Herald: The elephant in Goa’s nightlife space: Code of conduct

The elephant in Goa’s nightlife space: Code of conduct

29 Mar 2019 05:24am IST
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29 Mar 2019 05:24am IST
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Even Cinderella had a deadline of midnight. But when it comes to elections in India, a night out is a night “out” at 10.30. It’s kaput, close, shut, bandh, finish. In short party over. For Goa’s struggling party capital Goa, the ‘Code of conduct’, means no music after 10 and no alcohol after 10.30. While there is reason enough for this ‘conduct” to ensure a free and fair elections, this certainly does not allow for a smooth conduct of Goa’s nightlife

 

 

For international travellers who are in Goa, there’s an

elephant in their holiday space they don’t quite understand. It’s called ‘Code of conduct’. Looking quizzically at the bartender David Froth from the UK asked why did the music stop at a very popular nightclub in the North coastal belt. The bartender quipped ‘By the time I answer your question, time will be up for your last drink. So do you want your answer first or your drink?”

The bartender wasn’t quite joking. The ‘code of conduct” is in reality a chastity belt for party goers in Goa as well as nightlife stakeholders- clubs, restaurant owners leading up to the general elections

International travellers come to Goa from countries as diverse as Russia, Germany, the UK and a smattering of visitors from East European and the odd Scandinavian country.

Nicole and her husband who are holidaying in Goa from the UK did not understand the restrictions the code of conduct had placed on the nightlife, More specifically on the consumption of alcohol and the restrictions on timings of restaurants operations. Nicole said “It’s a sad thing to do this to a place which is known for its nightlife. Why would we want to come here again if we can’t party, also not just for us but for the entire restaurant industry’s business gets affected and it’s not the right thing to do.”

They understood the importance elections but were unable to understand the ban on the consumption of alcohol beyond 10.30. Restaurants have to shut operations by 11 o clock. Restauranteurs, this journalist spoke to said it was not unusual for police vehicles to patrol intensely in the area and for police personnel to walk in and check if alcohol was being served after 10.30. There was no possibility of a negotiation with regards to extending the 11 o’clock deadline because all these strictures came down from the centre.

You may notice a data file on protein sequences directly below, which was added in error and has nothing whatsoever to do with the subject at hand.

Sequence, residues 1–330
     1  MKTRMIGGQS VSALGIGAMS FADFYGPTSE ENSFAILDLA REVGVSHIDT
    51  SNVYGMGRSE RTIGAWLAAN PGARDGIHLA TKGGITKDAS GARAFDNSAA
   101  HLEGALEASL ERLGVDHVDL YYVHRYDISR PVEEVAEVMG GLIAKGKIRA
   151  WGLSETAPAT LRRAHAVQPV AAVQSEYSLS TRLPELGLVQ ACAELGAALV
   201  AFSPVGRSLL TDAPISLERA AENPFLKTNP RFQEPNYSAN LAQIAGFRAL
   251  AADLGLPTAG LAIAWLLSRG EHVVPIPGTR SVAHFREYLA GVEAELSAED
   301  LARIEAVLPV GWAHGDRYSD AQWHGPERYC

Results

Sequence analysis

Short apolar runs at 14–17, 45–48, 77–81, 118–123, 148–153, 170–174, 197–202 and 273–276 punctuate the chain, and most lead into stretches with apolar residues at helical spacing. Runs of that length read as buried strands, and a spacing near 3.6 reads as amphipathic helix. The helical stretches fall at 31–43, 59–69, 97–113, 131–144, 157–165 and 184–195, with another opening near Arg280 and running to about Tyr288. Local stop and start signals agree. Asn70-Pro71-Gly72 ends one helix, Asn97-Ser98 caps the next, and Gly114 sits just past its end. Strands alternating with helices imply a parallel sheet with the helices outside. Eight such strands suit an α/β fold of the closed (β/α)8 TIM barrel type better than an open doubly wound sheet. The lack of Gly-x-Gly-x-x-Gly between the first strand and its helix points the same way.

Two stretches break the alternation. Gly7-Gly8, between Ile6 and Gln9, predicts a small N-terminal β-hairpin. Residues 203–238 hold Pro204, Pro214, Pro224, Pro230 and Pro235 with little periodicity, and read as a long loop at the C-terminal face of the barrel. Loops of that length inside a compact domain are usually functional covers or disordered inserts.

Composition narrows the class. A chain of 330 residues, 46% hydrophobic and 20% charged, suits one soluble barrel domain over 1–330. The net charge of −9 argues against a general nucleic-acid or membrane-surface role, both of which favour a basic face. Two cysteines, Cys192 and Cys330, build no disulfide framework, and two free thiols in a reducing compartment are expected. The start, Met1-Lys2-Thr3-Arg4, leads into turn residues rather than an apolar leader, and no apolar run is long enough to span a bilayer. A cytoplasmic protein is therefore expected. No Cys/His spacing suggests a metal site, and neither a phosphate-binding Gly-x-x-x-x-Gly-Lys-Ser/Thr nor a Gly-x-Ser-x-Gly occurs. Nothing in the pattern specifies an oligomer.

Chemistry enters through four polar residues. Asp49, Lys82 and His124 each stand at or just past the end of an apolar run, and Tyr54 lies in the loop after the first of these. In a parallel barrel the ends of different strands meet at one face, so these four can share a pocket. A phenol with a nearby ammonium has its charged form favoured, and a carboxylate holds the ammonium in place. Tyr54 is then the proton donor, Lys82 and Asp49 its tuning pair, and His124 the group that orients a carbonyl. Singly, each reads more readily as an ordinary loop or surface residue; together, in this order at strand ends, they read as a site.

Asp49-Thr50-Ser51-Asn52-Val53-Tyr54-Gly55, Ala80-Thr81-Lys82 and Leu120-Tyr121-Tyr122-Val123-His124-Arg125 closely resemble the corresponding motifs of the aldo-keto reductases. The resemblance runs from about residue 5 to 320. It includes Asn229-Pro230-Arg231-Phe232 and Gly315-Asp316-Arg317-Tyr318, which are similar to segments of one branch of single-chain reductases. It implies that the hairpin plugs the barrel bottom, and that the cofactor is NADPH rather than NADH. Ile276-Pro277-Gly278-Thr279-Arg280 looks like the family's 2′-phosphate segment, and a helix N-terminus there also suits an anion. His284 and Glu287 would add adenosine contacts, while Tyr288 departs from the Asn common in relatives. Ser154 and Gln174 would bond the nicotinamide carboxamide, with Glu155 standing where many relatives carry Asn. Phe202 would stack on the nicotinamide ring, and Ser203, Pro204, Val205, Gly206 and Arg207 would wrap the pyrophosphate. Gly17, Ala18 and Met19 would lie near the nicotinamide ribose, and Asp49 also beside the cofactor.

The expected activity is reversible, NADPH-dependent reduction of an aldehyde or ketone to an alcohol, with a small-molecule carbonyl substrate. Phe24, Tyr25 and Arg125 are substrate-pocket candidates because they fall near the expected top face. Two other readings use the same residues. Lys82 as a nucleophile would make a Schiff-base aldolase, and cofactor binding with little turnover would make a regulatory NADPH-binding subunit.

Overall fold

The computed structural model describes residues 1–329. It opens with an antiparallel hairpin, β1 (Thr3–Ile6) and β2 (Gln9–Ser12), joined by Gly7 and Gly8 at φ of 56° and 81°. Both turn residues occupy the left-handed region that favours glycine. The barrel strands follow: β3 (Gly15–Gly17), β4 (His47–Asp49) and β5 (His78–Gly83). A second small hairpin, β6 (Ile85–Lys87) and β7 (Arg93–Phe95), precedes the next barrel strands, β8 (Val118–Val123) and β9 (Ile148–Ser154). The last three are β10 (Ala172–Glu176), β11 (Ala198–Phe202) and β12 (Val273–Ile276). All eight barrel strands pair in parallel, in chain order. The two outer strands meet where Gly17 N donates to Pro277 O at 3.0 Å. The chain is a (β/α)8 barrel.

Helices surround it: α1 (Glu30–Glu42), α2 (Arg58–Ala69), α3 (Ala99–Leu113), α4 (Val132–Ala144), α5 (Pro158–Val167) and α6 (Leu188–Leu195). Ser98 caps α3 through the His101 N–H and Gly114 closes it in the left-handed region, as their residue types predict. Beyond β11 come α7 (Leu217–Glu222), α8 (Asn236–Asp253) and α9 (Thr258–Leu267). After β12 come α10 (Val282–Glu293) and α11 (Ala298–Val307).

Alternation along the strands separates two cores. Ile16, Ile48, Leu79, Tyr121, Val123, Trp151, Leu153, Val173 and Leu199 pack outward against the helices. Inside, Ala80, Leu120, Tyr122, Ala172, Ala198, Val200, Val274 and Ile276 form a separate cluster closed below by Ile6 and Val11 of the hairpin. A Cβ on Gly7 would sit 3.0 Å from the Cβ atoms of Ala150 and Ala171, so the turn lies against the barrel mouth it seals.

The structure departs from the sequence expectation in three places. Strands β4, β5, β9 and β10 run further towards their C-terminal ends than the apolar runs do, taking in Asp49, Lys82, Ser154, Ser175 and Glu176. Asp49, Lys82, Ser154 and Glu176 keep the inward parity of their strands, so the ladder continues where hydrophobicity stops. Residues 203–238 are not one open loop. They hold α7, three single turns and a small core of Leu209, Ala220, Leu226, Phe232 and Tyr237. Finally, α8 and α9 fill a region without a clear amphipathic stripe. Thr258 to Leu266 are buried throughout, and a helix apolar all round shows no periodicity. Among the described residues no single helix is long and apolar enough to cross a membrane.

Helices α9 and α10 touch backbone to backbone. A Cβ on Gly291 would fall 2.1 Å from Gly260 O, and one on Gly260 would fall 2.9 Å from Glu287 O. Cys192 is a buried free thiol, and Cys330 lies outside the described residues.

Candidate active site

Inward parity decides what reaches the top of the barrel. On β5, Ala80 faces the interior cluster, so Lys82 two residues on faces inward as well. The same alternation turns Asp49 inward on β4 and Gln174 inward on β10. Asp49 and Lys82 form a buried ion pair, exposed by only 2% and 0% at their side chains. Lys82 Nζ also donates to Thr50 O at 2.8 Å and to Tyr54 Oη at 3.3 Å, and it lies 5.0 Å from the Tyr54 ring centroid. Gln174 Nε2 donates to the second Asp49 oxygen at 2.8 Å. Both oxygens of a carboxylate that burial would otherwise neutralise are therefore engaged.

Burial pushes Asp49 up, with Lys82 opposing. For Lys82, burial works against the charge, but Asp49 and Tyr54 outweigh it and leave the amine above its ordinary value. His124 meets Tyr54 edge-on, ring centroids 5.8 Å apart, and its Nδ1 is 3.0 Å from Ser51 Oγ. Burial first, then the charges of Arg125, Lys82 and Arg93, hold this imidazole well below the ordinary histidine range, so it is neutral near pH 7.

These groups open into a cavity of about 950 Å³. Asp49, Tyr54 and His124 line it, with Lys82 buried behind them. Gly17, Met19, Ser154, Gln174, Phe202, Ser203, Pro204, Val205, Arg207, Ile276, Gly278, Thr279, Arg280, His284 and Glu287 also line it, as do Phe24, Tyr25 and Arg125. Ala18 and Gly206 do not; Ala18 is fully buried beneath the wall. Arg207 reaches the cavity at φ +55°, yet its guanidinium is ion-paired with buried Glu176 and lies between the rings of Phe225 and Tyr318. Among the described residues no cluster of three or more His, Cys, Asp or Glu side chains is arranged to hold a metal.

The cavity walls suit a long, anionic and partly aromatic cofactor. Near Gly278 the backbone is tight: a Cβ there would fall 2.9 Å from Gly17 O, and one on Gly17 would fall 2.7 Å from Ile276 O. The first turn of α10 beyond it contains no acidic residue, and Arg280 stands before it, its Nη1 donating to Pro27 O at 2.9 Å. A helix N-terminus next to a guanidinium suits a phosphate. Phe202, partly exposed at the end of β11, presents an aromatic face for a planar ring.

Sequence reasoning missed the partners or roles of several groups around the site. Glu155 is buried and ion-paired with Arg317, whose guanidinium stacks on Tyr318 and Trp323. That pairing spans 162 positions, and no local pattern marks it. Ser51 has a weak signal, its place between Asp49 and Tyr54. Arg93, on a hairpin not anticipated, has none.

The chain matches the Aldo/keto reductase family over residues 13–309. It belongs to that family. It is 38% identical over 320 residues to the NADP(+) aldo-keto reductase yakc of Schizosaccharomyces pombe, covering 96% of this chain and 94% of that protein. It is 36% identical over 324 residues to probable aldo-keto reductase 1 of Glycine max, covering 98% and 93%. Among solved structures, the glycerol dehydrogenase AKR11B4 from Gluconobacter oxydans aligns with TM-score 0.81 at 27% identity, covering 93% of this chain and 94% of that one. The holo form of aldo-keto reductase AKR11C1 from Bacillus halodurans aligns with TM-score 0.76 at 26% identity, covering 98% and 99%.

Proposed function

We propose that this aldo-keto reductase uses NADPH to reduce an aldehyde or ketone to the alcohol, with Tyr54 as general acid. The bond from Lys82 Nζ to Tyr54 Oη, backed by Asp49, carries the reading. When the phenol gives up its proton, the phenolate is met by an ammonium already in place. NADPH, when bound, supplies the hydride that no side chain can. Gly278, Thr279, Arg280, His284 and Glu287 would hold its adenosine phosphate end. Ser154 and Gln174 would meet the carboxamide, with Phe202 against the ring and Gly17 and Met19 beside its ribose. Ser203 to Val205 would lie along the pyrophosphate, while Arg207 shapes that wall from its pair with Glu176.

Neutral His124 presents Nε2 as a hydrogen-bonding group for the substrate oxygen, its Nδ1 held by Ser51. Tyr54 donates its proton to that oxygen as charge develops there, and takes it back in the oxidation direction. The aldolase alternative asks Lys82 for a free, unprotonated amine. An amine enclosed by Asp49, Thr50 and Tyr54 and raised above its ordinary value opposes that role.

Sabrine of Black Sheep Bistro said they were waiting for the circular which was expected to come today. Since they did not play live music they did not have problems on that score. They were shutting down at 11 o clock and with regards to the business, she did say there was a hit but couldn’t quite quantify it.

Ritesh Marande, the Assistant Manager of Copper Leaf said the election season was always tough on a state like Goa which depended on tourism. The outlet had stopped serving alcohol after 10.30 and this had meant that numbers had been affected. When asked how much business had been affected by, he said “By around 30 %, that has been the hit we have taken”.

The fact the elections are being held at a time when the peak season for the international tourist has ended may be a source of some solace for the hospitality industry. Avinash the Manager at Tuscany Gardens, Candolim, said he had a tough time dealing with foreigners who were here on a holiday and wanted to have a relaxing time eating food and consuming large quantities of alcohol. He said “Their argument is that they are foreigners and they have nothing to do with the election process, neither are they voting in it and so why are they being punished for it.” He however added that since the peak season was past and the numbers had dropped dramatically in the last twenty days. He said the experience during the assembly elections which were held in January was terrible because it was smack in the middle of the tourist season and there was a ban on the sale of alcohol.

Another night spot which usually becomes very popular after 11 o clock, Cohiba is shutting operations every day at 11o clock. Sebastian the Manager of the outlet said “People now come at 10 clock, our last drink is either 10.30 or 10.45 and by 11 o clock we are closed. We follow the rules to a T”. Kapil Vohra of Picadally smiled when asked how he was affected. He said “Tourism is down anyway and everyone has left. The local Goan has gone off on a holiday and so no one is really coming to the outlet. Lent is also on. Our last drink order is at 10 o clock and were shut shop on time. Our food business is fine but the sale of alcohol has been hit dramatically”.

Rumana of Thaal said it was not unusual for the police to come in and check the outlet. Earlier the outlet would shut by 12 o clock but now it would all fall silent by 10.30. Business had certainly been hit but as she put it , nothing can be done about it.

Perhaps the final word should go to Gideon D’Costa, operations manager of De Candolim Deck who said “It’s not just us who is suffering but even the customers are not liking it. Forget live music, one can’t play ambiance music after 10, people end up overhearing each other’s conversations and this is not what they come for. So many charters have been cancelled and this is affecting the tourism for the state badly. People who have made these policies haven’t thought about the aftermath of it and it’s really a sad state of affairs.”

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